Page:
• The Final Years During the 1880s, Wilkie's always delicate health continued to decline. Breathing difficulties due to heart problems became more common and he resorted to capsules of amyl nitrate and hypophosphate. In January 1889 he was involved in an accident and thrown from a cab by the force of the collision. There followed a severe of attack of bronchitis. He suffered a stroke on 30 June and with further complications died on 23 September.
    • Many of Collins's later novels do not possess the force and freshness of his earlier works. Nevertheless, he remained immensely popular with the reading public and the Chatto & Windus collected edition continued to be issued for many years after his death. Now, a century later, there has been a great revival in interest both in his enigmatic lifestyle and his unique gift as a master storyteller and constructor of labyrinthine plots.
    • Some novels The Woman in White It was during the 1860s that Collins achieved enduring fame with his four major novels, The Woman in White (1860), No Name (1862), Armadale (1866) and The Moonstone (1868). The first of these was published in Dickens new journal, All the Year Round from November 1859 to August 1860. It was received with great popular acclaim and ran to seven editions in 1860, alone.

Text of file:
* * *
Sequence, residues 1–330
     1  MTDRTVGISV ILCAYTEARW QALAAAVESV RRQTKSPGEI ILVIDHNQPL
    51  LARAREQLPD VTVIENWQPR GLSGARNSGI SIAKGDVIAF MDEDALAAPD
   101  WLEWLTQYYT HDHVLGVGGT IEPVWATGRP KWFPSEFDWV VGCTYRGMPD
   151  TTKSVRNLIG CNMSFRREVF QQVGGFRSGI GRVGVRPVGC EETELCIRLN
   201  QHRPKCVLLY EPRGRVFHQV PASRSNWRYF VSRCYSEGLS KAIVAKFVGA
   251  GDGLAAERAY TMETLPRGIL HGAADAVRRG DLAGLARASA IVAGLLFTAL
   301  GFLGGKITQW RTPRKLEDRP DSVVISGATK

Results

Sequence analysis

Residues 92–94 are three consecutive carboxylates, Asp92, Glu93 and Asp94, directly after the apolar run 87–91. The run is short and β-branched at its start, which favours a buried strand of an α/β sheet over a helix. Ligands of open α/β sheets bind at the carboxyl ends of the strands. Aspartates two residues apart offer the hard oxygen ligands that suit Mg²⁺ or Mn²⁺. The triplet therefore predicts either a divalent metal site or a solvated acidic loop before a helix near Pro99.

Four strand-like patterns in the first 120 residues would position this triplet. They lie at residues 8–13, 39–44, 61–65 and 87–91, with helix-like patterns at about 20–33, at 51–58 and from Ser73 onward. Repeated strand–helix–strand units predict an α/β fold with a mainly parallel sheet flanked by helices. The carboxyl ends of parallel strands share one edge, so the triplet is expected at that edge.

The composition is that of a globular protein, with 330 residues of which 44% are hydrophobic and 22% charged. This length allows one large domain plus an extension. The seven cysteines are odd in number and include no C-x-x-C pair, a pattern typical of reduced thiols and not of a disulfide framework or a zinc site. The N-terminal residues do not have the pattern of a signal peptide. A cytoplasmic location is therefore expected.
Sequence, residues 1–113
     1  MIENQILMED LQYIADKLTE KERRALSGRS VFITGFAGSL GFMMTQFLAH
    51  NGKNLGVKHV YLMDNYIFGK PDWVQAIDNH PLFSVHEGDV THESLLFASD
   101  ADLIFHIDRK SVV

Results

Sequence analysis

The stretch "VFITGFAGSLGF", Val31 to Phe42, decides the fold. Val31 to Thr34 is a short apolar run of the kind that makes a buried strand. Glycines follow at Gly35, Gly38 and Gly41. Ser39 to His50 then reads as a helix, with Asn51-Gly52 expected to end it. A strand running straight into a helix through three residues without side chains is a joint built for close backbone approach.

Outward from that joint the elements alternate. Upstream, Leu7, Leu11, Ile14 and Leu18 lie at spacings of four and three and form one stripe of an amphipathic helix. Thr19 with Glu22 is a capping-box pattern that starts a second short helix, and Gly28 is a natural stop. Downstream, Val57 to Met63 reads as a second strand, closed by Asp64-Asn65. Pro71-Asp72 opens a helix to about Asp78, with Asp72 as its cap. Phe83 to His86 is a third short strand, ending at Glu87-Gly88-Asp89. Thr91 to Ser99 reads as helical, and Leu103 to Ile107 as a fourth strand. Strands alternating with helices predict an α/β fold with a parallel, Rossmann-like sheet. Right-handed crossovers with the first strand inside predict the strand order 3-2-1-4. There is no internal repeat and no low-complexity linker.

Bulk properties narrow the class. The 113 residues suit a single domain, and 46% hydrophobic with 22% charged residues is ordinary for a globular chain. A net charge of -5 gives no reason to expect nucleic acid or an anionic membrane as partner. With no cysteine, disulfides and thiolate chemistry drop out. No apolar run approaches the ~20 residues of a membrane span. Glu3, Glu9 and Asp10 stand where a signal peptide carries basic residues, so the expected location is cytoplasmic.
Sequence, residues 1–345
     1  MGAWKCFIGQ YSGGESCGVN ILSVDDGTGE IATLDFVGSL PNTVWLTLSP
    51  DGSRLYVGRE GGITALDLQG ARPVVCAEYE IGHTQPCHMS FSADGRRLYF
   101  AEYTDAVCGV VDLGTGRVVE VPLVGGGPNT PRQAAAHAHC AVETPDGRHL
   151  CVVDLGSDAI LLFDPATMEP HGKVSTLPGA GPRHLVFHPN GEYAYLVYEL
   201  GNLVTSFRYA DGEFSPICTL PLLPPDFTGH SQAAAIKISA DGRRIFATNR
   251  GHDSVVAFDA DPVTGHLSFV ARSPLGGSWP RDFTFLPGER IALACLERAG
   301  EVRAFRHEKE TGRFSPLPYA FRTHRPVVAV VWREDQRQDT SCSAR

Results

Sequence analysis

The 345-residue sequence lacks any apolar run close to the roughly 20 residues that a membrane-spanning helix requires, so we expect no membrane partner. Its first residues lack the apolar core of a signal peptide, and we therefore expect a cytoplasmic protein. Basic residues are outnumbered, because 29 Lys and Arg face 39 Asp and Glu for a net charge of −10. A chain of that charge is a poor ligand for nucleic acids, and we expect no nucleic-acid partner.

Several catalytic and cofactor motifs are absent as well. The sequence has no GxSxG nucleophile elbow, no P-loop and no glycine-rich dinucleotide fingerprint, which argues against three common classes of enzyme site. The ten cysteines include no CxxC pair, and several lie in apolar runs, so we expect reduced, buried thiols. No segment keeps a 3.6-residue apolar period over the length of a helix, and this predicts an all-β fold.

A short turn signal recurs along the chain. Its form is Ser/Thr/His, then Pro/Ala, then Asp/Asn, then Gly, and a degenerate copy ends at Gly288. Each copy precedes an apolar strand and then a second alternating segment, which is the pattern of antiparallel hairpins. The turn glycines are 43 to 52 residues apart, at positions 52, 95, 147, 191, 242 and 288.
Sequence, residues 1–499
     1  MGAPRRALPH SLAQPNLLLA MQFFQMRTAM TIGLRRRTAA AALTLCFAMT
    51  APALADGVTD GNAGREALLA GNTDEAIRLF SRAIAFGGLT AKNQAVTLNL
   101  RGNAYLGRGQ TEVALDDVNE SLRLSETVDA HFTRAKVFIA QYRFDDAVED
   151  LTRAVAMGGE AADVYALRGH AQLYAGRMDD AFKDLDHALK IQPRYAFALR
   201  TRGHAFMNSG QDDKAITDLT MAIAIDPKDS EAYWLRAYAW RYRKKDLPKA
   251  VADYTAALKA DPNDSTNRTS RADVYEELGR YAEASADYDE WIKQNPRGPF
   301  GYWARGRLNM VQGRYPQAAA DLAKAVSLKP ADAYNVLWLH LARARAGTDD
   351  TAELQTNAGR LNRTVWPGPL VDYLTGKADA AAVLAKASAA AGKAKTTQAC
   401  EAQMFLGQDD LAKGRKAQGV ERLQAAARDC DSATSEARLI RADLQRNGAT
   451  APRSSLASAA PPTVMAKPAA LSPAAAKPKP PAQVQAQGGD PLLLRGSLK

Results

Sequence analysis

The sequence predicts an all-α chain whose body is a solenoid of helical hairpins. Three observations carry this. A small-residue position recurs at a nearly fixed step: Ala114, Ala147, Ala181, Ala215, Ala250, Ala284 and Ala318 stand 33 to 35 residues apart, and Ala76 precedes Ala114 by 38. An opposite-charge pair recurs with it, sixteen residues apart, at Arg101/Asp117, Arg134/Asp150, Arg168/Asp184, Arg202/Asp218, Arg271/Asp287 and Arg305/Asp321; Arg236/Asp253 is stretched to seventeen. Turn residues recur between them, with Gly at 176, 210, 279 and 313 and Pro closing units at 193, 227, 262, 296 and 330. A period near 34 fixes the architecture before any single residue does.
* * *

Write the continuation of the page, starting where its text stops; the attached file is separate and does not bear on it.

• • The Moonstone T. S. Eliot described The Moonstone as the first and greatest of English detective novels'. It is certainly a landmark in the history of crime fiction and has a strong claim to having established detective fiction as a genre. It influenced Collins's successors from Trollope and Conan Doyle onwards and has set the standard by which other detective novels are judged. During its serialization in All the Year Round there were crowds of anxious readers outside the publishers' offices in Wellington Street waiting for the next installment. Like The Woman in White, it has never been out of print
    • Armadale Armadale is Collins's longest novel with a complex story spanning two generations of the Armadale family. It incorporates several of his favorite themes including the supernatural, identity, murder and detection and features a beautiful red-headed female villain.
    • No Name No Name is the story of the heroine's attempts to regain her family fortune and represents a plea by Collins against the then prevailing laws on inheritance and illegitimacy. It may be regarded as an early attempt at the didactic novel which Collins pursued more vigorously from the 1870s when he came under the influence of Charles Reade.
    • BIBLIOGRAPHY: • • • • • http://www.wilkie-collins.info/wilkie_collins_biography.htm https://www.google.gr/search?q=london&source=lnms&tbm=isch&sa=X&ei=xXTVUqy0Lq40QWjrICoCQ&ved=0CAcQ_AUoAQ&biw=1366&bih=704#q=the+woman+in+white&tbm=is ch&imgdii=_ https://www.google.gr/search?q=london&source=lnms&tbm=isch&sa=X&ei=xXTVUqy0Lq40QWjrICoCQ&ved=0CAcQ_AUoAQ&biw=1366&bih=704#q=moonstone+wilkie+collins&tb m=isch&imgdii=_ https://www.google.gr/search?q=london&source=lnms&tbm=isch&sa=X&ei=xXTVUqy0Lq40QWjrICoCQ&ved=0CAcQ_AUoAQ&biw=1366&bih=704#q=armadale+wilkie+collins&tbm= isch&imgdii=_ https://www.google.gr/search?q=london&source=lnms&tbm=isch&sa=X&ei=xXTVUqy0Lq40QWjrICoCQ&ved=0CAcQ_AUoAQ&biw=1366&bih=704#q=no+name+wilkie+collins&tbm= isch&imgdii=_